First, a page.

Will 2020 be a Great Year for Property Investors?



Will 2020 be a Great Year for Property Investors?


The real estate market in the United States is massive and this means that it rarely moves quickly. It is so big that some markets can be booming while others are undergoing dramatic restructuring. Even within the same physical market different types of property can be more in demand than others.


So, asking whether 2020 will be a great year for property investors is a bit of a loaded question – especially when the economy is potentially nothing more than an errant tweet from panic. However, the market continues to hum along with some investment banks stating the U.S. has reached another goldilocks period, even as the country gears up for another election.


No Recession Here


Despite concerns about an economic slowdown earlier this year, the most recent news from Wall Street and Main Street indicates that the U.S. economy is continuing to expand. Granted it’s not growing at the three or four percent some thought it would be following tax continues but the current period of economic expansion, now the longest in U.S. history continues.


For real estate investors, this means that even those prices in most markets are at or near historic levels, significant upside remains. Add to this the fact that interest rates remain low and yields on investment properties continue to attract interest.


As such, the biggest challenge for investors who are seeking to buy into the market might be how to find bargains. This could include looking into off-market opportunities or wholesale real estate.


If you’re interested in wholesale real estate in Atlanta, then you could work with a firm similar to Skystone Acquisitions which helps investors “in acquiring and reselling residential investment properties.” In this way you could find a way to source opportunities


Beyond this, many of the structural imbalances which led to the implosion in the housing market in 2009 and 2010 are not at play this time around. There is not the same level of oversupply and over-leverage, which led to the market across the country collapsing.


As such, it looks as if the fears of a 2020 recession might be overblown, at least for now. While this doesn’t mean that a contraction won’t happen, the warning signs which were flashing bright red before the last recession are not currently at play.


What’s Driving the Market?


For starters, liquidity. Unlike 2009, the world is essentially awash in free money and this is leading investors to be willing to take managed risks. This has led to a large pool of capital with no place to go and when this happens investors start to take a closer look at real estate.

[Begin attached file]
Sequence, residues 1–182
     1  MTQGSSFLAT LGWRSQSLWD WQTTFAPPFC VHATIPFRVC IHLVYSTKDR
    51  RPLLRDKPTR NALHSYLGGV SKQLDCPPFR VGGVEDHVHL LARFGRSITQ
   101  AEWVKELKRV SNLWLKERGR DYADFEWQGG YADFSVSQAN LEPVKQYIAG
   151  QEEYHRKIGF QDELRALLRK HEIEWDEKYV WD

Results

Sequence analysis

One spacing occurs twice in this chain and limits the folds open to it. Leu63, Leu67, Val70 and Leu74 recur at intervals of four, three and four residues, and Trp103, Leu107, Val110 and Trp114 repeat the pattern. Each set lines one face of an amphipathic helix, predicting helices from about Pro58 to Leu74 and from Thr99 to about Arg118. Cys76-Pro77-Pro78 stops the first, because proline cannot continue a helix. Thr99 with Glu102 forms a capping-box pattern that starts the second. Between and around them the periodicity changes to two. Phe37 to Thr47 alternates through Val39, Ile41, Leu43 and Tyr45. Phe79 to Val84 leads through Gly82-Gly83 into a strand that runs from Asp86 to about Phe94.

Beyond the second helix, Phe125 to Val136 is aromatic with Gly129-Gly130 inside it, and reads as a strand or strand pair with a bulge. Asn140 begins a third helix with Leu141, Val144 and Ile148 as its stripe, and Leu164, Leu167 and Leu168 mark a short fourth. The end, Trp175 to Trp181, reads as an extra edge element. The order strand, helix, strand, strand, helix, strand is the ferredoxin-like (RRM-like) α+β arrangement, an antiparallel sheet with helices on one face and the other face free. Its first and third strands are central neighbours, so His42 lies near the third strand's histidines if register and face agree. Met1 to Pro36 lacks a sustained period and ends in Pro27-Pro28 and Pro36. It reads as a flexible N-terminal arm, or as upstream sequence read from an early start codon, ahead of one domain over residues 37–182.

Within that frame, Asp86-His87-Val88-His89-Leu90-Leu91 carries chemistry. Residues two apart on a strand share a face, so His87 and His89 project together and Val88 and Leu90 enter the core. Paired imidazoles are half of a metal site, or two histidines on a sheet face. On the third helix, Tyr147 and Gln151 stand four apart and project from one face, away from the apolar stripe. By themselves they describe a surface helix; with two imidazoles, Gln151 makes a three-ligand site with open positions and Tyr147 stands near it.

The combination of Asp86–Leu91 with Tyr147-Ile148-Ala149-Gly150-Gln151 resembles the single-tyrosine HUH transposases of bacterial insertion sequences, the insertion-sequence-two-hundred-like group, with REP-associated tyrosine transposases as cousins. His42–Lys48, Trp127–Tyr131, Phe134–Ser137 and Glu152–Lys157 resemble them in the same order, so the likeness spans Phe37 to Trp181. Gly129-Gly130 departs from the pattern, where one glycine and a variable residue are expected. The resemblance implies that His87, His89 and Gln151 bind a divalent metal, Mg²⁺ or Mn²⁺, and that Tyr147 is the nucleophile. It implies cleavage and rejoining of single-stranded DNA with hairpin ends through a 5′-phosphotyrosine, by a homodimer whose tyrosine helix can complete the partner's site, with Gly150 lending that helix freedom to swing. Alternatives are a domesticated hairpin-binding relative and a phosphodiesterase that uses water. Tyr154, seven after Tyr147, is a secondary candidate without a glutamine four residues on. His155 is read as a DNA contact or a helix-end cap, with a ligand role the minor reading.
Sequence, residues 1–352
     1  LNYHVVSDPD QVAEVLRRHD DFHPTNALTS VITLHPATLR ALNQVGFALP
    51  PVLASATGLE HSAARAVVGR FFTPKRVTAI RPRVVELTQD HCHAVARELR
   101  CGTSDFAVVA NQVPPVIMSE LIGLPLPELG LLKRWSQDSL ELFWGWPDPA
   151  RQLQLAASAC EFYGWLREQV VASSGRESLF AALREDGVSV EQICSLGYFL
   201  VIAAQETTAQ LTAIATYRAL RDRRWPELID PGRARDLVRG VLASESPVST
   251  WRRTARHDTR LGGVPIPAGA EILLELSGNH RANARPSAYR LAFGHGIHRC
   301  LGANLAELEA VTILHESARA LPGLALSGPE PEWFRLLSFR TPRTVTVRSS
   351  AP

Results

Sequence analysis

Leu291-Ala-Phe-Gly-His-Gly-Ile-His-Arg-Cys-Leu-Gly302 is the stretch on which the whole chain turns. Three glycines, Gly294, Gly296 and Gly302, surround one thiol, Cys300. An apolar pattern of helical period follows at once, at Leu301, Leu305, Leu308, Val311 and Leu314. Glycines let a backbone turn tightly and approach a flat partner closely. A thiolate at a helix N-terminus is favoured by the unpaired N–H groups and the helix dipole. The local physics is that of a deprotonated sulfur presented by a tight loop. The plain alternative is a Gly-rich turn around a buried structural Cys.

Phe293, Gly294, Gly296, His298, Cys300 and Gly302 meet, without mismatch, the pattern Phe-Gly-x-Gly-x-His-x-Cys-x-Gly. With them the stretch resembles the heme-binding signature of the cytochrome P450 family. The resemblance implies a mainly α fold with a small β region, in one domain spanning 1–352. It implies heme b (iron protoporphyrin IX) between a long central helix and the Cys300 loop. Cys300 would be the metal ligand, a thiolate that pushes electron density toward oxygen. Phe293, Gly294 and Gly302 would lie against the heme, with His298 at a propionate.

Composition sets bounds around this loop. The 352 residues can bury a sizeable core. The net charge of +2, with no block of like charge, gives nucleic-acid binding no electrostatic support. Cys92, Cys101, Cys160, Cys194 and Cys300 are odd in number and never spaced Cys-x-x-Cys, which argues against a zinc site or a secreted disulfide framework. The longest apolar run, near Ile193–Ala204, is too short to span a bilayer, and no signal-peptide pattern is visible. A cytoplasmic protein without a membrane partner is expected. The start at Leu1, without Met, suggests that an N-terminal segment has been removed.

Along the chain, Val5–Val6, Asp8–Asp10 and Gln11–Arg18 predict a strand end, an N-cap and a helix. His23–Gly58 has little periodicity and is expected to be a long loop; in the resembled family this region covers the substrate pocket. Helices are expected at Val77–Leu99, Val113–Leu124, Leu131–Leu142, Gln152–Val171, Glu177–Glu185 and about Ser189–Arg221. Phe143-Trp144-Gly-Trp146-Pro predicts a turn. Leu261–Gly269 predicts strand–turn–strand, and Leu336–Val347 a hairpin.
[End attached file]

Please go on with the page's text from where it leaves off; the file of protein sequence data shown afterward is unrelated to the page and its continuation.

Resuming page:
This is because real estate investments generally offer three advantages over other opportunities, being generating cash, appreciating, and relatively easy to sell. While real estate is not considered to be a liquid investment, it is usually easier to move than other investments such as private equity or more exotic alternatives.


Another factor that could drive the real estate market in the coming years is the need for institutional investors to pursue consistent returns at a time when an increasing number of the stakeholders will start to dip into their funds. This is especially true for pension funds which need to meet the obligations due to a growing number of Baby Boomers who are retiring.


Millennials and the Silver Tsunami


Let’s face it Millennials are adults now, with the oldest members of the generation reaching their late-30s and early-40s. If they haven’t yet, many are starting to settle down and start families and this means buying a home – even if those homes aren’t in areas where previous generations tended to congregate.


This does create a challenge for market participants as there is a potential mismatch between current inventory and where buyers want to live. However, there are opportunities as many Millennials are expected to be less affluent than previous generations and this means they are more likely to rent rather than own over the long run.

As far as Baby Boomers go, it is quite a different story as a recent survey from the Harvard Joint Center for Housing Studies indicates the number of Americans over the age of 80 will double by 2035. What this means is that more will need to move into some form of senior housing – creating an opportunity for investment in senior housing.




What does this mean for the housing market in 2020? For starters, the expansion looks set to continue for at least another year and when coupled with low-interest rates this should help investors who are seeking to expand their portfolios. Over the longer-term demographic shifts will have a massive impact on the real estate market and this could drive investments well into the next decade.

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